Role of Computed Tomography for Diagnosis and Risk Stratification of Patients With Suspected or Known Coronary Artery Disease
Cardiac computed tomographic angiography (CCTA) has emerged as a powerful imaging modality for the detection and prognostication of individuals with suspected coronary artery disease. Because calcification of coronary plaque occurs in proportion to the total atheroma volume, the initial diagnostic potential of CCTA focused on the identification and quantification of coronary calcium in low- to intermediate-risk individuals, a finding that tracks precisely with the risk of incident adverse clinical events. Beyond noncontrast detection of coronary calcium, CCTA using iodinated contrast yields incremental information about the degree and distribution of coronary plaques and stenosis, as well as vessel wall morphology and atherosclerotic plaque features. This additive information offers the promise of CCTA to provide a more comprehensive view of total atherosclerotic burden because it relates to myocardial ischemia and future adverse clinical events. Furthermore, emerging data suggest the prognostic and diagnostic importance of stenosis severity detection and atherosclerotic plaque features described by CCTA including positive remodeling, low-attenuation plaque, and spotty calcification, which have been associated with the vulnerability of plaque. We report a summary of the evidence supporting the role of CCTA in the detection of subclinical and clinical coronary artery disease in both asymptomatic and symptomatic patients and discuss the potential of CCTA to augment the identification of at-risk individuals. CCTA and coronary artery calcium scoring offer the ability to improve risk stratification, discrimination, and reclassification of the risk in patients with suspected coronary artery disease and to noninvasively determine the measures of stenosis severity and atherosclerotic plaque features.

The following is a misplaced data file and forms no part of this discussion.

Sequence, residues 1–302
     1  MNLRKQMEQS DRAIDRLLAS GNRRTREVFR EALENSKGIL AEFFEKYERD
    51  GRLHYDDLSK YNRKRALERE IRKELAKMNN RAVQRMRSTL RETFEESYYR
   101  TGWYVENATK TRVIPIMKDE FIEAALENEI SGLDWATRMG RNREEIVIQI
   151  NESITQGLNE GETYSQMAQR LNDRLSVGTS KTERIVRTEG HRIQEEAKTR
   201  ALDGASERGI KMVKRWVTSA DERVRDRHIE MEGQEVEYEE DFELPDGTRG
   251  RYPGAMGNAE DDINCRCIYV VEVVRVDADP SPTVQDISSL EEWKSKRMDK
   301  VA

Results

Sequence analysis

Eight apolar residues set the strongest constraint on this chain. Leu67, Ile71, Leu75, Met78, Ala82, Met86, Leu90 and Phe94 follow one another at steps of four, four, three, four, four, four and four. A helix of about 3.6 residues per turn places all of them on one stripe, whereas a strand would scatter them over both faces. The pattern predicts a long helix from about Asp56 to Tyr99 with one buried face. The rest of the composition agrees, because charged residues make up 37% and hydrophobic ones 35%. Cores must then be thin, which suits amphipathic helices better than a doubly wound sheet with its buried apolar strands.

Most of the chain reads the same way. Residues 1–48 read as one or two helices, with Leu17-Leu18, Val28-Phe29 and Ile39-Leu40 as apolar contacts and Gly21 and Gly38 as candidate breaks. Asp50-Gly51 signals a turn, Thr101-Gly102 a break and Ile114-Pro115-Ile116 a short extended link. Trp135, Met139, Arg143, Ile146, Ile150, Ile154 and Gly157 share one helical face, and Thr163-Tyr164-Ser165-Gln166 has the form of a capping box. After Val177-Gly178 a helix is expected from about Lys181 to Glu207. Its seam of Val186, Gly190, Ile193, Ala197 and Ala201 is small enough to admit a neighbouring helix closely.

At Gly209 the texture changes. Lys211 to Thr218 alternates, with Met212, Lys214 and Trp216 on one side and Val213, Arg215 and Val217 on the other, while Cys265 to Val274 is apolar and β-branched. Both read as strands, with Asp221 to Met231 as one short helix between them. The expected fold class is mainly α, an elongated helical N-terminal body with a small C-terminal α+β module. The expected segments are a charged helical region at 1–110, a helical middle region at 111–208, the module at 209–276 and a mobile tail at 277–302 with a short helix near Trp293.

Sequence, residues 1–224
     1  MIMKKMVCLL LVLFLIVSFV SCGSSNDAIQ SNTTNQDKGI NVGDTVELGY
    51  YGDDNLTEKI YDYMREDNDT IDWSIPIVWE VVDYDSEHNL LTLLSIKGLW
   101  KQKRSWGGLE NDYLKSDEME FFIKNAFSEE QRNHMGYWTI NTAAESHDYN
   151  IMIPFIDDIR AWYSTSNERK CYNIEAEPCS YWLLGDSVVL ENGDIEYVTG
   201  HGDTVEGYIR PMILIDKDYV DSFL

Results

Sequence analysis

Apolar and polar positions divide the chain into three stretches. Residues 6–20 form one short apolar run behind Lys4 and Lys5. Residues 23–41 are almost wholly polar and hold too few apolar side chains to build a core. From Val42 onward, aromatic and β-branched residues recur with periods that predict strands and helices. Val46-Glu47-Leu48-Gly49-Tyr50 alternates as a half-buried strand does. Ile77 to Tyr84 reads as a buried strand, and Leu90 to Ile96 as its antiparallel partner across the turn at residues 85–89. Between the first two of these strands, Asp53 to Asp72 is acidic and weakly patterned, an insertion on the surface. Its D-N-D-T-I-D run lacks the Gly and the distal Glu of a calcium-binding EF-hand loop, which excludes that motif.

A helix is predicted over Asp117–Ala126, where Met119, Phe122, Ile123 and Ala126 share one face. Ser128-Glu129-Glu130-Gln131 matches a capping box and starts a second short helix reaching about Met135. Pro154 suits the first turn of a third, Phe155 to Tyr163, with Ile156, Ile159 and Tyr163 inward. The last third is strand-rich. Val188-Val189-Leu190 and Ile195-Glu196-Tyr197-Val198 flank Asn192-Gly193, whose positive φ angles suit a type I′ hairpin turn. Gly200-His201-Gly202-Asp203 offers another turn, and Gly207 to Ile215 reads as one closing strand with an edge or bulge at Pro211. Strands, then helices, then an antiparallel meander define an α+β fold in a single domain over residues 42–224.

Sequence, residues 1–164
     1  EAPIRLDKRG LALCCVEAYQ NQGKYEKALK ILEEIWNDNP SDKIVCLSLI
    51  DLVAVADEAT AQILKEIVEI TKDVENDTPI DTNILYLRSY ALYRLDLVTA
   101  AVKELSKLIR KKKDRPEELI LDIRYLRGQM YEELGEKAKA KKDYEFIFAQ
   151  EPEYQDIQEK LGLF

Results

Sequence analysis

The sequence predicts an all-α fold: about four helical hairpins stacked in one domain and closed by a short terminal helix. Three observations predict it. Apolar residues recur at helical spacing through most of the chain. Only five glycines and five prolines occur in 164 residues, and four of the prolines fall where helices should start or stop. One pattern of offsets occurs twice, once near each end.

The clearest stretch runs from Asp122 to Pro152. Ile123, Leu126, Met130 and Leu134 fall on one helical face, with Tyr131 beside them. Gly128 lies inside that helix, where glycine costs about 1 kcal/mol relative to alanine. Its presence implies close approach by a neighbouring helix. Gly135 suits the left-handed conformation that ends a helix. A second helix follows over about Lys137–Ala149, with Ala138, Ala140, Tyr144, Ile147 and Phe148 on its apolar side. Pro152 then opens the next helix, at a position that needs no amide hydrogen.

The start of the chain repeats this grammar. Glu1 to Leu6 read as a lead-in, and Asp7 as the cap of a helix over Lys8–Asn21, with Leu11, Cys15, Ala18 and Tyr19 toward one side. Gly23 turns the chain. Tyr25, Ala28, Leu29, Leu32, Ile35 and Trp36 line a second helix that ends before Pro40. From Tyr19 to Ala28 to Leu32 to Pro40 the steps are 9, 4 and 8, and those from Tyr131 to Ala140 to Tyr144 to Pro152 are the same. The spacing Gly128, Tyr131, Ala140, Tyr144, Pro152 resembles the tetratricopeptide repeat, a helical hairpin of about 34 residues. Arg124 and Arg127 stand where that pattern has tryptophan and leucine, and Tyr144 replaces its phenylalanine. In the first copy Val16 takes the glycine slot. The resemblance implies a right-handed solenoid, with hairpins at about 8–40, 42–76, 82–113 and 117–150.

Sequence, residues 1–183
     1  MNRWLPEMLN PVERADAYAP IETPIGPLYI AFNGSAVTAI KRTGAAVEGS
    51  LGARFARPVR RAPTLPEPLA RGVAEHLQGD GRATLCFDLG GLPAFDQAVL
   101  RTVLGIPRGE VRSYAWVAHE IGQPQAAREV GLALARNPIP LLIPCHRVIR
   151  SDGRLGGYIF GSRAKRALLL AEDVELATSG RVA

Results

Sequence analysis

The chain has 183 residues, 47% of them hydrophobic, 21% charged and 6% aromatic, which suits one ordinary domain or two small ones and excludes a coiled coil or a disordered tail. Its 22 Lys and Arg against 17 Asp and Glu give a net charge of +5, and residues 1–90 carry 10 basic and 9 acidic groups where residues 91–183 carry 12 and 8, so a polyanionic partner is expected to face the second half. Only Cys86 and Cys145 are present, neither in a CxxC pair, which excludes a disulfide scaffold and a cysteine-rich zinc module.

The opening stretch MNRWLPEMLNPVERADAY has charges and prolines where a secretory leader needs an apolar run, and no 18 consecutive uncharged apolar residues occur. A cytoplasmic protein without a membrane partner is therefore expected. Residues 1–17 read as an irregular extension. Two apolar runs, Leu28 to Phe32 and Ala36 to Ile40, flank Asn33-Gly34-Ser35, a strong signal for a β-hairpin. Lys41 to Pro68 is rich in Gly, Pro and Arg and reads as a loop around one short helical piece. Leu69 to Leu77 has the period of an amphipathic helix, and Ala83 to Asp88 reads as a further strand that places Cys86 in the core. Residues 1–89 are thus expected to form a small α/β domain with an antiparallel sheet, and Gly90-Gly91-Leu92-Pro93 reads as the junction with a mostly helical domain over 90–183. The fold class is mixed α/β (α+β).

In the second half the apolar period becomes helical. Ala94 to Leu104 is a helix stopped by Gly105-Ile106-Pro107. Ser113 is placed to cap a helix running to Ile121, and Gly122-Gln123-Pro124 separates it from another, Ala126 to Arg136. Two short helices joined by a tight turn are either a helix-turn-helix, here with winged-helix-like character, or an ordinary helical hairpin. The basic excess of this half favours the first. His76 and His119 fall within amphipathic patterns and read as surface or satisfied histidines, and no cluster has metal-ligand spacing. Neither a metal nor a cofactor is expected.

- Received December 17, 2013.
- Accepted March 25, 2014.
- © 2014 American Heart Association, Inc.